My intake on the smoke chamber is 5" diameter.  The Excel smoker design sheet suggests I have two, is that overkill?  I plan on mostly cold smoking and rarely getting over 160 - 175 inside the smoke chamber. Any ideas here would be helpful.  A 5" inake seems plenty big enough....  <<<<------

    The bottom hole you see here is where a fan was when this was formally a dehydrator.  I'm going to put a small fan here for cold air intake to control temps inside.  I'll also wire in a hot plate.  Also the doors need some work.  They aren't tight.  I'll be working on those here too.  But this thing came with tons of trays.  I'll be putting in some smoke sticks to hang stuff up top too.  

    Here is a pick of the controller mounted on the side of the smoker.  I"m going to use this to control temps on the smoker as well as the fermentation chamber.  

    Anyhow, I'm glad to back at it!  I've had a turkey in the freezer now for about a month waiting to get this thing done. :)  I'll be hopefully doing a dry run with this thing here this week or next weekend. :)
  15. Be waiting on the smoke  

  16. mountbaldy

    mountbaldy Fire Starter

    Well.... I've been busy working on my smoker!  I added a damper after the fire box before entering the smoke chamber and on the exiting stove pipe on the smoke chamber.  I added a fan on the bottom of the smoke house in hopes of being able to bring cold air in to cool off the box if it got too hot.  That idea failed but is worth revisiting.  

    I ran a test smoke last week and decided to smoke a yard bird.  The results were awesome! I broke down and used charcoal for fuel and added chips for smoke.  It still worked very well.  I used alder and mesquite for flavor.  I also rubbed the chicken first with a Jamaican rub I cloned from a visit down south.  Ultimately I smoked the bird for about 2 hours and then finished it on the firebox.  I discovered that a large Webber grate fits perfectly inside of my smoker and also fits perfectly over my firebox.  On the initial run I discovered I needed another way to control the flame.  First off I made the mistake of loading up the firebox with coals.  Big mistake.  My firebox isn't completely sealed air tight and needless to say I had to cool down the coals a time or two to avoid hitting higher than I wanted temps.  Ultimately, adding a second damper did the trick.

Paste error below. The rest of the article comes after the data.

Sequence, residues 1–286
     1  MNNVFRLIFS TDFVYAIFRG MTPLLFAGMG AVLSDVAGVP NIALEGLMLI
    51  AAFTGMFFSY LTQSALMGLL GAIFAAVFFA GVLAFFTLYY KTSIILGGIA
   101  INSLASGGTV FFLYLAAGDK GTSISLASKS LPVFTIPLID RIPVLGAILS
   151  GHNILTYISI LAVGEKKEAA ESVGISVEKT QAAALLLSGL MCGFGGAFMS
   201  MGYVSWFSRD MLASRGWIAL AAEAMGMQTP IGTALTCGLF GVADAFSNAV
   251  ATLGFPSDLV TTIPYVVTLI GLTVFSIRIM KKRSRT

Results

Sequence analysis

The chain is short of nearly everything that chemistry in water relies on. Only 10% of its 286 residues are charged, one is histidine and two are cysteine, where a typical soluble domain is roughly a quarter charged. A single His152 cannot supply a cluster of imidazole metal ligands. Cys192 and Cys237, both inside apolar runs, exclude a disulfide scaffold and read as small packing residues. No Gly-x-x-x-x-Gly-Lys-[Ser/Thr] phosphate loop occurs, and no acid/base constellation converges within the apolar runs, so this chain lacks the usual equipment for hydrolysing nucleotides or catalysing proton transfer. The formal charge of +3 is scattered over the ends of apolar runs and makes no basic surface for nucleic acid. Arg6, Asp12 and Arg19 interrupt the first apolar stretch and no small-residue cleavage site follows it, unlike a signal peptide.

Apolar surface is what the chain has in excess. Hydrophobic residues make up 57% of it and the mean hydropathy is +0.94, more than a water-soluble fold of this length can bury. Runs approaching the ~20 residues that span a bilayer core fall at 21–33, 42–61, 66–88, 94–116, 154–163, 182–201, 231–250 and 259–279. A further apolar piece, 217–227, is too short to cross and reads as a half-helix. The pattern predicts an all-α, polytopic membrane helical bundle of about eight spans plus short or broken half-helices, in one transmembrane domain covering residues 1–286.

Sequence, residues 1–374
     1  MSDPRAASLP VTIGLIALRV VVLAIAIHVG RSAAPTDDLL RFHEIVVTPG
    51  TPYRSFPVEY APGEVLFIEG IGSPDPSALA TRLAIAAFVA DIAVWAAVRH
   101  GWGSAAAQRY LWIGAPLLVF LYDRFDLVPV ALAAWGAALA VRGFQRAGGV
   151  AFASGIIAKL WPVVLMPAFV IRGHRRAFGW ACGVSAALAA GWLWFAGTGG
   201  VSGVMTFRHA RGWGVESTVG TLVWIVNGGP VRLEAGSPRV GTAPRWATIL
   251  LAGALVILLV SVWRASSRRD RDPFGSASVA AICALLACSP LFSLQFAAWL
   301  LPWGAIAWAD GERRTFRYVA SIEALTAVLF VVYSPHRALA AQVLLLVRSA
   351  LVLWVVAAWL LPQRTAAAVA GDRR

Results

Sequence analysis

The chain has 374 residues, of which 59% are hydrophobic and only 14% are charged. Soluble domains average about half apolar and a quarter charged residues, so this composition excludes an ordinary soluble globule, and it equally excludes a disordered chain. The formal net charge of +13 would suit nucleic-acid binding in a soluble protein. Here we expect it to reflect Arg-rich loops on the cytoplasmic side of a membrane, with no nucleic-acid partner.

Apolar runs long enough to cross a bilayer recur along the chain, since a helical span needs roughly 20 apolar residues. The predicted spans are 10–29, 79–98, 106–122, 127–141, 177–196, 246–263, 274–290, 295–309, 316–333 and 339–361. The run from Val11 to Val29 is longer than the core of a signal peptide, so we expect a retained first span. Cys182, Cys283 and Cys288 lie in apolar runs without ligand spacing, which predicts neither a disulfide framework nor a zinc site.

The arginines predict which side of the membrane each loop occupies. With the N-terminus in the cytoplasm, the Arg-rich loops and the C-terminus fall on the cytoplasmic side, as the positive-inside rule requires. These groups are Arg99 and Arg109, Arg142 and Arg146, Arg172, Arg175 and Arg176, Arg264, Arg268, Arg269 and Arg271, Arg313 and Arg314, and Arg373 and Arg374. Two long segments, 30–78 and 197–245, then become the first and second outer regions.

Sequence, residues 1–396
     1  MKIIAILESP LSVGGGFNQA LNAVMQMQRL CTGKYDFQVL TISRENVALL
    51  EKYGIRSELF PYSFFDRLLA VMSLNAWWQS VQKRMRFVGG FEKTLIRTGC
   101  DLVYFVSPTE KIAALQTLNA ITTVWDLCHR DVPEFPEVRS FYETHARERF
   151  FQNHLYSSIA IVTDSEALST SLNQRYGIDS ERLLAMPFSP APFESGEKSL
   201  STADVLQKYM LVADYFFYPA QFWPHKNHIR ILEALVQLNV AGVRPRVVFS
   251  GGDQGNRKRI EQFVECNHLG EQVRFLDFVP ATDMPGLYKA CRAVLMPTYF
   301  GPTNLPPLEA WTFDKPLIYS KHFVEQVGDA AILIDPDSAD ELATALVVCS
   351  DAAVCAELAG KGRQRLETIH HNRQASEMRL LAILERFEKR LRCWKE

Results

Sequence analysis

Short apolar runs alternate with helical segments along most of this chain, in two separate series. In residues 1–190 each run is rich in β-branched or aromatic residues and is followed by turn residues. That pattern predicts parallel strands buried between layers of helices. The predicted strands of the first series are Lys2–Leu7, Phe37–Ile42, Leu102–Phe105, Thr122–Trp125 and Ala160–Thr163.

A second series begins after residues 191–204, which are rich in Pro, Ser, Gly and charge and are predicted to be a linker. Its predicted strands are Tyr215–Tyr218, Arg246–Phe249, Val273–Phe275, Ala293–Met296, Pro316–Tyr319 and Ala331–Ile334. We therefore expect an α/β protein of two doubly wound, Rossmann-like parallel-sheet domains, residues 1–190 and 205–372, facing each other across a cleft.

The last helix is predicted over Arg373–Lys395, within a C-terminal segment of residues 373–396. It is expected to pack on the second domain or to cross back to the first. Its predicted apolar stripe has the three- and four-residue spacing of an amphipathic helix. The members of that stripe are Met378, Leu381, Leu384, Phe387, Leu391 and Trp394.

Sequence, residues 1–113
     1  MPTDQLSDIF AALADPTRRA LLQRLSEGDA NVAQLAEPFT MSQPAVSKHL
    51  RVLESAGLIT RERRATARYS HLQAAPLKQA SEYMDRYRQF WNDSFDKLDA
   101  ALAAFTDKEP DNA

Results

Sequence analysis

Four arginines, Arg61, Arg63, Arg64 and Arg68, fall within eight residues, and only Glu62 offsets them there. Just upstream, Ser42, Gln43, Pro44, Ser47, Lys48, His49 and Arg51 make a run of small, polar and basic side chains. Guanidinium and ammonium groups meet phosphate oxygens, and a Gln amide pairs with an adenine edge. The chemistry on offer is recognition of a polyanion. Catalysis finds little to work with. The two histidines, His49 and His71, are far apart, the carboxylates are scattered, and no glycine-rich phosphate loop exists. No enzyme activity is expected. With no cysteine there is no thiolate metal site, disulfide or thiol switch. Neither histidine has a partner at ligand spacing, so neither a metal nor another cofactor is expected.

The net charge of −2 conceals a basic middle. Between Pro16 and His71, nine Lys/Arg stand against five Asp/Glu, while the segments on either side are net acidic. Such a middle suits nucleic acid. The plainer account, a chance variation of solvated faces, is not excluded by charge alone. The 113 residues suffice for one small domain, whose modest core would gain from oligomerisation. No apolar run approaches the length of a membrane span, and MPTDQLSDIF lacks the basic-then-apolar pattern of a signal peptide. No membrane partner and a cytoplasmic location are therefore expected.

So after the first smoke, I decided I had better do another this weekend!  I had been wanting to try making Summer Sausage.  So today I did the Venison Summer Sausage recipe in Rytek's book.  I started making the sausage this morning at 8 AM and it's now 11:46 and I still haven't finished smoking...  The smoker is holding temp fairly well but the meat will not get over the 138 degree mark...  I'm smoking it at 165-170.  I initially had trouble balancing things out at 165 and was hovering right around 160 for about the first hour of cooking. 

    Pics of the final sausage post will come in the morning.
  17. Cool !!    Sure want to see some pics

  18. mr b

    mr b Fire Starter

    Do anyone know where i can buy these at?
  19. mr b

    mr b Fire Starter

  20. timberjet

    timberjet Master of the Pit

    Hey man, any good scrounger should have one of these.